What we make of this moment of necessity, when democracy is suddenly part of what corporations say they want, is up to us. Critically, these are occasions when we are being informed. We know in general that massive technological change is under way, a veritable (fourth) industrial revolution. At such gatherings we may glimpse at where and how digital tentacles are about penetrate, transform, reset the terms of our work and consumption patterns.

Astute about the need to create quality relationships with their customers, cutting edge companies are responding to the new competitive forces by striving to create, as they say, amazing micro-moments of magic-like delivery of service in order to keep our loyalty. Pleasantries and politeness can be raised to a new level: e-mail birthday greetings from the bank and e-mail messages of apology for an unexpected delay from the airline become routine, for instance. What were once exceptional or emergency interventions, requiring long deliberation and planning might now be achieved instantaneously, from making payments to processing loan applications, accessing funds while travelling abroad or coping with uneven network reception for the mobile phone or broadband.


Patchily, for now, but clearly going in this direction, delivery of public services is also becoming, as they say, agile. Some of it is for the better: surely there are no complaints that the DVLA can renew a driver’s license in minutes, rather than weeks for someone who chooses a digital service. In an even more sensitive area, from this year, it will be possible to renew your passport on line too.

Health prevention solutions are increasingly within reach, several facilitated by the NHS. Along with providing 24/7 access to online patient records, its website invites us to join Change4Life and download an app to help monitor sugar consumption, to help ‘eat well, move more and live longer’.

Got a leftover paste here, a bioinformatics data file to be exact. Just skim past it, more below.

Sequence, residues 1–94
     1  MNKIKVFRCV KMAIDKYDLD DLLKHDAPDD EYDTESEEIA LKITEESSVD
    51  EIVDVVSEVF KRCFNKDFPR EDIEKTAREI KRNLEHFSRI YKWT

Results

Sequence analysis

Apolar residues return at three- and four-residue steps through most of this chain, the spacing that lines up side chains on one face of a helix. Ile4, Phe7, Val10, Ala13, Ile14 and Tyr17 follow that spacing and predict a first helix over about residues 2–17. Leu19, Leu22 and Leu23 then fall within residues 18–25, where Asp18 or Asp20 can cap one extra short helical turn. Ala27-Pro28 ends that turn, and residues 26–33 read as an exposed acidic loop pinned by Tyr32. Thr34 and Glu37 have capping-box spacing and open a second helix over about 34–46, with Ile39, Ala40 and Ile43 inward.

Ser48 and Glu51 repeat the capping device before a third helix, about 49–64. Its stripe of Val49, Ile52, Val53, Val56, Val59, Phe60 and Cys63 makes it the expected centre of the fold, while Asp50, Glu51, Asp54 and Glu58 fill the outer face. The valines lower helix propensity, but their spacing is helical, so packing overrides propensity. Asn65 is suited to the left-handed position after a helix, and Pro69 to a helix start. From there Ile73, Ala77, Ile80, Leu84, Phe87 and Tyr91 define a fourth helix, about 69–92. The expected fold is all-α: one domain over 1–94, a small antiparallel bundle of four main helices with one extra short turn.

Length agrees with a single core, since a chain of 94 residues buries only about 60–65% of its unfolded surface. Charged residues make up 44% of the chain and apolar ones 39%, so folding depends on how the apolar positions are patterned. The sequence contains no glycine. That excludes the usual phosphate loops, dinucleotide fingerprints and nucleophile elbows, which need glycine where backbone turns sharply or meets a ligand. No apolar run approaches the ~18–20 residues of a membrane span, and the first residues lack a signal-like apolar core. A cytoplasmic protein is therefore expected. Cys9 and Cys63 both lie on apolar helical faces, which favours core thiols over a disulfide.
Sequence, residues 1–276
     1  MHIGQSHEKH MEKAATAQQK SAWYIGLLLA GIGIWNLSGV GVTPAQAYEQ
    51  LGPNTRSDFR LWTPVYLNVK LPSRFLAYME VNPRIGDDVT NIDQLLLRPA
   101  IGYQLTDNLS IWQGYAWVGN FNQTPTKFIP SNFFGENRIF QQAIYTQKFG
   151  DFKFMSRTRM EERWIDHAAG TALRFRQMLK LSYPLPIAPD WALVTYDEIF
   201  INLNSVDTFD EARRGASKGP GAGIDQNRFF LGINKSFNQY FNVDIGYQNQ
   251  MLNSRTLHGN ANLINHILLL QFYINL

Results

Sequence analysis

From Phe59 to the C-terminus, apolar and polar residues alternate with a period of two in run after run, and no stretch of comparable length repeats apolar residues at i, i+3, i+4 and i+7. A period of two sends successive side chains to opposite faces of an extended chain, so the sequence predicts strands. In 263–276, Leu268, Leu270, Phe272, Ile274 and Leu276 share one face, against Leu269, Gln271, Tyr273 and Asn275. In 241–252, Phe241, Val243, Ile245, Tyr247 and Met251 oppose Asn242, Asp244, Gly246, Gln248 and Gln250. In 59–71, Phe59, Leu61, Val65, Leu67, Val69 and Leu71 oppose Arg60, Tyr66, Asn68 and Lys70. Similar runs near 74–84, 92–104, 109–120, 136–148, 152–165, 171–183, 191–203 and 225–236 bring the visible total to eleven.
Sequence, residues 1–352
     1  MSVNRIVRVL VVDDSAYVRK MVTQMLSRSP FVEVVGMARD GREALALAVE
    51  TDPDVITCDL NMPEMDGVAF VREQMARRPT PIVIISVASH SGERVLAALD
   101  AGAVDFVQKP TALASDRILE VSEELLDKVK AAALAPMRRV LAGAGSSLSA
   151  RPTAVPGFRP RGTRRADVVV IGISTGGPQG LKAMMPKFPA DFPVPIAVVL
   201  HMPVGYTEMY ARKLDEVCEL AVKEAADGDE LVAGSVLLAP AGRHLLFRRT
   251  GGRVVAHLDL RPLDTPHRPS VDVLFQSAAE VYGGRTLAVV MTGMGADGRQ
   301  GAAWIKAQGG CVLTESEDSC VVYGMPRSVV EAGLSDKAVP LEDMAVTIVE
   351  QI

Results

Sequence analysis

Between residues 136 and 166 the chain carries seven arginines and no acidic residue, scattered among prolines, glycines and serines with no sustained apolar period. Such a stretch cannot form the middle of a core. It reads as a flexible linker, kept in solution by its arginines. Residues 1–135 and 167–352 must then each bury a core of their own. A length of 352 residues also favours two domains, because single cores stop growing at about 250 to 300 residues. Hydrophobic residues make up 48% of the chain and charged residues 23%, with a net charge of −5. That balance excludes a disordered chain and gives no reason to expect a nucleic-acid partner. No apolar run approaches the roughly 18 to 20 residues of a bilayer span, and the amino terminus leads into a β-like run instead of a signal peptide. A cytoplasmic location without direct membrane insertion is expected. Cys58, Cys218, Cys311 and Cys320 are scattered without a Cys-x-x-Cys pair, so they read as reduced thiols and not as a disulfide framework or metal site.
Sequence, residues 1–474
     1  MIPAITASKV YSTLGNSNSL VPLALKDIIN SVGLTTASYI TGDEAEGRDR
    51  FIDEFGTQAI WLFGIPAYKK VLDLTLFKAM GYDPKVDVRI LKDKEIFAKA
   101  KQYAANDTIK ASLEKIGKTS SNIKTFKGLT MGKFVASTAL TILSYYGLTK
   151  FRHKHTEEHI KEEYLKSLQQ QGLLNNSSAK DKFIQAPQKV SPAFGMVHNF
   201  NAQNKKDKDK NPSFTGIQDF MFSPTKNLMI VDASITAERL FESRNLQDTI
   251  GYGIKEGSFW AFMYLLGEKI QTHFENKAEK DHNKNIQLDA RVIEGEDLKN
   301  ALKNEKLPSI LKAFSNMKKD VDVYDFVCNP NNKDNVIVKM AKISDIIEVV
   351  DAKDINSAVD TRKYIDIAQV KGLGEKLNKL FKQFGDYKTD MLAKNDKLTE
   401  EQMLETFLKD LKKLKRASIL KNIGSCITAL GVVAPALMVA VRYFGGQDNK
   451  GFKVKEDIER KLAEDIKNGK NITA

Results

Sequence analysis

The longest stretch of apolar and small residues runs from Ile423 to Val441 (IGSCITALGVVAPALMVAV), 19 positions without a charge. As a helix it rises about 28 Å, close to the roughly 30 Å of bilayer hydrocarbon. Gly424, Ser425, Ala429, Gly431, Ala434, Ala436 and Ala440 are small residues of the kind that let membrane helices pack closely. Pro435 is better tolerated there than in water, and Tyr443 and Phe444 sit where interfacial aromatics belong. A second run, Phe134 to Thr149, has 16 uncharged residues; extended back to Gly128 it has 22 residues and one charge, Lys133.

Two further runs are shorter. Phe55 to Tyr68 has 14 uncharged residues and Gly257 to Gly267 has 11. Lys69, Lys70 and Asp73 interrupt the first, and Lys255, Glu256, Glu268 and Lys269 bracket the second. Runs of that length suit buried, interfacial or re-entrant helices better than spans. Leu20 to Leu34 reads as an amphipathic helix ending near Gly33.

New sensors can gather more granular data and sophisticated analytics provide better mapping of patient flows and use of space, more flexible design, closer monitoring of treatment plans at lower cost. More effective use of clinical staff, through e-rostering, is also a possibility, if the NHS can develop a national people strategy.

In the UK, over 600 individual departmental and other public sector websites will be brought on the same platform, shaped by common standards for working online. And, more fundamentally, once platforms become all-encompassing, constant iteration of different versions of services will become the norm, structuring work in cycles rather than slow moving sequences. Policy-making will become service design.

And we have had glimpses of what this may entail for workers inside companies, too. To give consumers smooth and pleasant experiences, at cost, the information held within organisations is aggregated and processed by software that can also collect information about how workers at their desktops perform their tasks. The slick webpages we use to make purchases online are not so different from the look of personalised dashboards that workers access, monitor and process in order to serve our needs. And for better or worse the digital records made of our actions are not so different from the records made of workers’ productivity or accuracy. As information and analytics capabilities are stored in the cloud, the point of access, whether the workstation is at the company offices, at home, in a café or on the move, will cease to matter as workers will be able to interact and co-operate with little (technological) friction.

Or so we are being told. Are we listening? Are we forewarned and thus forearmed? One thing is for sure, there are no prizes for not paying attention.